Dr. Mélanie Knight
A critical scholar, Dr. Knight’s research focuses on Black activism/organizing, Black collective economic initiatives and Black women business owners. Her most recent article published in the Canadian Journal of History/Annales canadiennes d’histoire entitled “The demise of a Black organization: The Home Service Association (1921-1965),” examines the Association’s valuable place in Toronto’s Black community, its struggles to stay viable and the state’s attempts to delegitimize this organization. She is currently researching Black credit unions in Toronto and Black francophone activism in Ontario. Her extensive research on Black women entrepreneurs and their resistance to anti-Black racism in the labour market has been published in a number of journals, including the Critical Race and Whiteness Studies Journal, Gender, Work and Organization and The Canadian Geographer. Dr. Knight was sole Principal Investigator on a Social Science and Humanities Research Council (SSHRC) Insight Grant looking at subtexts of race and gender in entrepreneurship curriculum (2012-2016). Outside of her work in the academy, she collaborates with numerous community organizations, including developing initiatives with the Ontario Black History Society and the Rella Black History Foundation. In 2018, Dr. Knight was recipient of the Viola Desmond Faculty Award.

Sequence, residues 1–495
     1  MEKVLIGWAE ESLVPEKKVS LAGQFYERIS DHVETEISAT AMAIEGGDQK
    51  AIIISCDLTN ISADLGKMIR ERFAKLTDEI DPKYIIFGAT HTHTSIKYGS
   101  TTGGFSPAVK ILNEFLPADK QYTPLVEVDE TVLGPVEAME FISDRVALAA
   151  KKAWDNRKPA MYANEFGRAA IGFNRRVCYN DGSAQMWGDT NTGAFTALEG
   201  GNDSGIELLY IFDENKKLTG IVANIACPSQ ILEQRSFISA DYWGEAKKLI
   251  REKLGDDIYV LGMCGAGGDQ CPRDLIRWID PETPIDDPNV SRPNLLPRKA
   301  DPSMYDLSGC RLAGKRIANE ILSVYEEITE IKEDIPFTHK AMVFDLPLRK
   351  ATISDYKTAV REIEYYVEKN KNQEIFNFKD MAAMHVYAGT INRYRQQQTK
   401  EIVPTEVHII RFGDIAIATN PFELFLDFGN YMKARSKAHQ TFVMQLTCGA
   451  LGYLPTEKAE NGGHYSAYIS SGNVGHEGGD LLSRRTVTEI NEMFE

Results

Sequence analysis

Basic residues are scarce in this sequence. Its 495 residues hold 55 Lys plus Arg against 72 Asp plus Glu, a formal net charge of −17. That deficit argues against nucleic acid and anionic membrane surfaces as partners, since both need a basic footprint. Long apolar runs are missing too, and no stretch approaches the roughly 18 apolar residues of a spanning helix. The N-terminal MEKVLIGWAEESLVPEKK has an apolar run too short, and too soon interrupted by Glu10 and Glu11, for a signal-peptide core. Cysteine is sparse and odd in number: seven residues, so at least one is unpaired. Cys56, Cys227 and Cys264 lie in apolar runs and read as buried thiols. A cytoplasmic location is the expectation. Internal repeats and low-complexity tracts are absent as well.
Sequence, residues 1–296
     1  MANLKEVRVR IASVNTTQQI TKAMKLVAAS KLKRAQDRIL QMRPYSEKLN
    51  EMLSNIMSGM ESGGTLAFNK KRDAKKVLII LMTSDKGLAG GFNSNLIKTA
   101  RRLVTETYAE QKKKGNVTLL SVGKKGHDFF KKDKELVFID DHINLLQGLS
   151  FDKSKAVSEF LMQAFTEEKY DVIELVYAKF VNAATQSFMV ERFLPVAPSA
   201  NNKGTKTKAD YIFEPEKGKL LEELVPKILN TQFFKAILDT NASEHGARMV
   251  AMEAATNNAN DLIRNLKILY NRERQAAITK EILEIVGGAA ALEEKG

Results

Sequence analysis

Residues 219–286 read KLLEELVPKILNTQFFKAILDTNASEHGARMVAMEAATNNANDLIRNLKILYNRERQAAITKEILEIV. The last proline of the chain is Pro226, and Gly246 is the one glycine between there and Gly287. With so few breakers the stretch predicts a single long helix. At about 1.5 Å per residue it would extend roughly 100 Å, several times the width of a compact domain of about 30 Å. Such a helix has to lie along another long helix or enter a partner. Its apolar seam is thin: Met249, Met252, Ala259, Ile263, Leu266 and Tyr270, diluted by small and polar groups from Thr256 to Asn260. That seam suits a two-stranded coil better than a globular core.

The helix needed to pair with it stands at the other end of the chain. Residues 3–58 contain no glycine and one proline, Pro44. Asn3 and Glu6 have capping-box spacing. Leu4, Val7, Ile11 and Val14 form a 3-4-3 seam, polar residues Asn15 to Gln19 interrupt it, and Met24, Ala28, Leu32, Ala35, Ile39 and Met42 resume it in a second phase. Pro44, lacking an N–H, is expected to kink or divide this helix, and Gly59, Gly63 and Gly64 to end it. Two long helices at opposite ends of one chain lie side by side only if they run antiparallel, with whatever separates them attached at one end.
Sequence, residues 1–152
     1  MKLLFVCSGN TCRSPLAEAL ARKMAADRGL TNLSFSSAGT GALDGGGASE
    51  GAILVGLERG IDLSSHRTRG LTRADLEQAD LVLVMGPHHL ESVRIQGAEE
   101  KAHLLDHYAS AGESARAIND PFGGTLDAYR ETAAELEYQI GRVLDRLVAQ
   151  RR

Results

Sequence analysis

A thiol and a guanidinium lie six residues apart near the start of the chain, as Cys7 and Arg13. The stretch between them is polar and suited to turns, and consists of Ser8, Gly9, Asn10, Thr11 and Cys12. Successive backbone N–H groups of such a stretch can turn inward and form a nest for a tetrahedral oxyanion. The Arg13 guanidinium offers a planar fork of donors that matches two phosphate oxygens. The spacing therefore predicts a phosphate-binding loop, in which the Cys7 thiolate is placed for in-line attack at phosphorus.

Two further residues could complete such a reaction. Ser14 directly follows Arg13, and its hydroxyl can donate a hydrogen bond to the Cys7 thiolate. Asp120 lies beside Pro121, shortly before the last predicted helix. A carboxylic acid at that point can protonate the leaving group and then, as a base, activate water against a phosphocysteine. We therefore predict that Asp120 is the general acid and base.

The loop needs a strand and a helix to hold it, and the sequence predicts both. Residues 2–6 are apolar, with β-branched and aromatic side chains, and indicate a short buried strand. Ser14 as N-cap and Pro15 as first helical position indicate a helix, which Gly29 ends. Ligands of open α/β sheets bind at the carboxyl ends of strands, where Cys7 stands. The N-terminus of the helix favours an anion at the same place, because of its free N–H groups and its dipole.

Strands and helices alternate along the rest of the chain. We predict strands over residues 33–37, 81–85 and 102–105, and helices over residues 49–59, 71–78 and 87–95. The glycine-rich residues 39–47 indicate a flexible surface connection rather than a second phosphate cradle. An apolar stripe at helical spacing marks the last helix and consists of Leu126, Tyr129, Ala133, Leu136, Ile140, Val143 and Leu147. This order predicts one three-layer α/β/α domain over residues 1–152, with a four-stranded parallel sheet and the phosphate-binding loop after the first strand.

In her role as advisor, Dr. Knight will promote Black scholarship in all of its complexities across disciplines in the Humanities and Social Sciences and at the same time, address the underrepresentation of Black scholars in the Faculty. “I plan to work with the dean and all interested departments and faculty members in Arts to promote Black scholarship and curricular changes that deepen our understanding of the histories of oppression faced by people of African descent in the diaspora and on the continent, with specific attention to the Canadian context,” she says. As advisor, she will also provide mentorship and support to Black students in the Faculty. Mélanie explains, “the recent uprisings we are seeing in the world, including in universities, with calls for changes to Eurocentric curriculum, safer classroom and campus spaces, and for more Black and Indigenous faculty, is in large part due to students making their voices heard. Students, rightly so, are demanding change.”